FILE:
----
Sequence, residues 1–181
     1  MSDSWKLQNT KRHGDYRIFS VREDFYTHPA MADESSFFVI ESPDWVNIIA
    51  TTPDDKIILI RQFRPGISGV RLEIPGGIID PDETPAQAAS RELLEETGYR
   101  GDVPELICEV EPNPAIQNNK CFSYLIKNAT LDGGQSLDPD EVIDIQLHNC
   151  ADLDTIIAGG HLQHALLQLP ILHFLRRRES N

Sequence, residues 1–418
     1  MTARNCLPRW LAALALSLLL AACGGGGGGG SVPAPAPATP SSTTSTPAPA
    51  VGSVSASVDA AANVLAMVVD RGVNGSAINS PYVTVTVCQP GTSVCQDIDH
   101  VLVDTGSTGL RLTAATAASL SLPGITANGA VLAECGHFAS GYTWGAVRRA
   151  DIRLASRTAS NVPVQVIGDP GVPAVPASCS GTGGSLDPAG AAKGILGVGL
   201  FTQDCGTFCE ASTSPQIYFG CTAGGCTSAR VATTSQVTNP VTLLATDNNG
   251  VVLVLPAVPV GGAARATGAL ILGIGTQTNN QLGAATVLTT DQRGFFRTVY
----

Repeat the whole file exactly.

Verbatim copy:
Sequence, residues 1–181
     1  MSDSWKLQNT KRHGDYRIFS VREDFYTHPA MADESSFFVI ESPDWVNIIA
    51  TTPDDKIILI RQFRPGISGV RLEIPGGIID PDETPAQAAS RELLEETGYR
   101  GDVPELICEV EPNPAIQNNK CFSYLIKNAT LDGGQSLDPD EVIDIQLHNC
   151  ADLDTIIAGG HLQHALLQLP ILHFLRRRES N

Sequence, residues 1–418
     1  MTARNCLPRW LAALALSLLL AACGGGGGGG SVPAPAPATP SSTTSTPAPA
    51  VGSVSASVDA AANVLAMVVD RGVNGSAINS PYVTVTVCQP GTSVCQDIDH
   101  VLVDTGSTGL RLTAATAASL SLPGITANGA VLAECGHFAS GYTWGAVRRA
   151  DIRLASRTAS NVPVQVIGDP GVPAVPASCS GTGGSLDPAG AAKGILGVGL
   201  FTQDCGTFCE ASTSPQIYFG CTAGGCTSAR VATTSQVTNP VTLLATDNNG
   251  VVLVLPAVPV GGAARATGAL ILGIGTQTNN QLGAATVLTT DQRGFFRTVY